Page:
A new bill introduced in the western US state of Utah calls for polygamy to no longer be considered a felony but instead a simple infraction that would be on par with getting a traffic ticket.
The bill, which was unanimously approved on Monday by a committee in the state senate, will now go before the full senate for consideration.
Bigamy -- the practice of having more than one spouse -- is currently considered a felony in Utah, where an estimated 30,000 people still practice it.
They risk up to five years in prison and a fine of up to USD 5,000.
The bill's lead sponsor, Republican state senator Deidre Henderson, argued that the current law was unenforceable and only serves to isolate polygamist communities while failing to protect potential victims.
"The law is a failure. It hasn't stopped polygamy at all and it's actually enabled abuse to occur and remain unchecked," Henderson said.
She added that making polygamy a felony offense had stigmatized families and led to a culture of secrecy.
Henderson also pointed out that the bill calls for stiffer penalties for crimes linked to bigamy, including forced marriages.
The bill has received the support of the Utah branch of the American Civil Liberties Union, which said the practice should be decriminalized when consenting adults are involved.
"One of the reasons we would agree with decriminalization is that victims themselves are oftentimes part of polygamist families and so feel very afraid to come forward and report issues of abuse because they themselves are guilty of polygamy," Marina Lowe, legislative and policy counsel at the ACLU of Utah, told AFP.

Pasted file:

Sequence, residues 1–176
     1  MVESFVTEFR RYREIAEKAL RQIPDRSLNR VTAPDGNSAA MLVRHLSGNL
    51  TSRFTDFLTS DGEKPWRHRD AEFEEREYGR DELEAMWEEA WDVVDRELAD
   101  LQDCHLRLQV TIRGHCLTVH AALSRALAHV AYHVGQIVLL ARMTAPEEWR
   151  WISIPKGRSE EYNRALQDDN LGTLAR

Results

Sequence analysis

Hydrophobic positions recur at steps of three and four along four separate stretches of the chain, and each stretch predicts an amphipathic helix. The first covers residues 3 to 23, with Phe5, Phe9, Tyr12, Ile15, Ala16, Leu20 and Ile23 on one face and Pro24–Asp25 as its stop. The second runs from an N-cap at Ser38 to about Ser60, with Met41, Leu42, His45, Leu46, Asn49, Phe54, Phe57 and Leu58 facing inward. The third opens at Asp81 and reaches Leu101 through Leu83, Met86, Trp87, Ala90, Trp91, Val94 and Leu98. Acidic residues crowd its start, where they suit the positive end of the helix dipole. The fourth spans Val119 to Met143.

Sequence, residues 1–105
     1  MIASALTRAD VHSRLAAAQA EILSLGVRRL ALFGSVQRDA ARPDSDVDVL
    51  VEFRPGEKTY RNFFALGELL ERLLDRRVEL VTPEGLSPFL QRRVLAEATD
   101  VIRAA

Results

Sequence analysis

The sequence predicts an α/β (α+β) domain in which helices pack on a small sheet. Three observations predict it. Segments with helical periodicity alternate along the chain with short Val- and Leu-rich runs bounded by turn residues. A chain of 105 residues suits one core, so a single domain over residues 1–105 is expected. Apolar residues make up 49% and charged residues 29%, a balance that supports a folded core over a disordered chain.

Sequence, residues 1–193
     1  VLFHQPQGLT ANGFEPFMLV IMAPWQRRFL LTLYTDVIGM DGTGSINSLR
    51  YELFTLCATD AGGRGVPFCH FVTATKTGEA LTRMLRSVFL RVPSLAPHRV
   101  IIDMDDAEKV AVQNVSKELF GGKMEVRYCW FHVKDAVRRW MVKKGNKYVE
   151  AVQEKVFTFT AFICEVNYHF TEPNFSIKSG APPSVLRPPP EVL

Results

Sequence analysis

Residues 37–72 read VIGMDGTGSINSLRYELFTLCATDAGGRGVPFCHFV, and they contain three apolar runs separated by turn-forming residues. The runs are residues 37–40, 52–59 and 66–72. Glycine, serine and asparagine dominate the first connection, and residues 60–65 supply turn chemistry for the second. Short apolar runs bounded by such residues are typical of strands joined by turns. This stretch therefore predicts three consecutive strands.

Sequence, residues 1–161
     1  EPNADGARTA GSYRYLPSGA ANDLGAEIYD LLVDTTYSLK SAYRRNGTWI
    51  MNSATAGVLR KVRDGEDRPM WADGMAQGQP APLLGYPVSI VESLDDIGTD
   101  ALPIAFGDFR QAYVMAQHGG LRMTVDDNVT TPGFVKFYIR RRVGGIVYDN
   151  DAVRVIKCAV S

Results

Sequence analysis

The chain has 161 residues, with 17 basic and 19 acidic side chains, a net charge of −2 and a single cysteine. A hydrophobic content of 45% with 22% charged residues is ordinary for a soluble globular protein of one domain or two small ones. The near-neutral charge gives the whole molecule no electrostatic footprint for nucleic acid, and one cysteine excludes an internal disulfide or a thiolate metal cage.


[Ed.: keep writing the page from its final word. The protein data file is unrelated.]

Opponents of the bill, including former members of polygamous groups, however have warned that the new law, if approved, will only encourage abuse.
"The bill won't do anything to help the victims. It will empower the abusers," said Melissa Ellis, vice president of Sound Choices Coalition, who fled a polygamous clan.
Amelia Anthony, who also left a plural marriage and has become a victims' advocate, said the bill "condones and gives more power to abusers and fanatics who will take the newfound 'freedom' to the extreme." Polygamy has been practiced in Utah by some religious groups since before it became a state.
Even though it is illegal, officials have largely opted not to prosecute those who engage in it, instead adopting a "don't ask, don't tell" attitude.
The Church of Jesus Christ of Latter-day Saints abandoned polygamy in 1890 and strictly prohibits it today.
(This story has not been edited by Business Standard staff and is auto-generated from a syndicated feed.)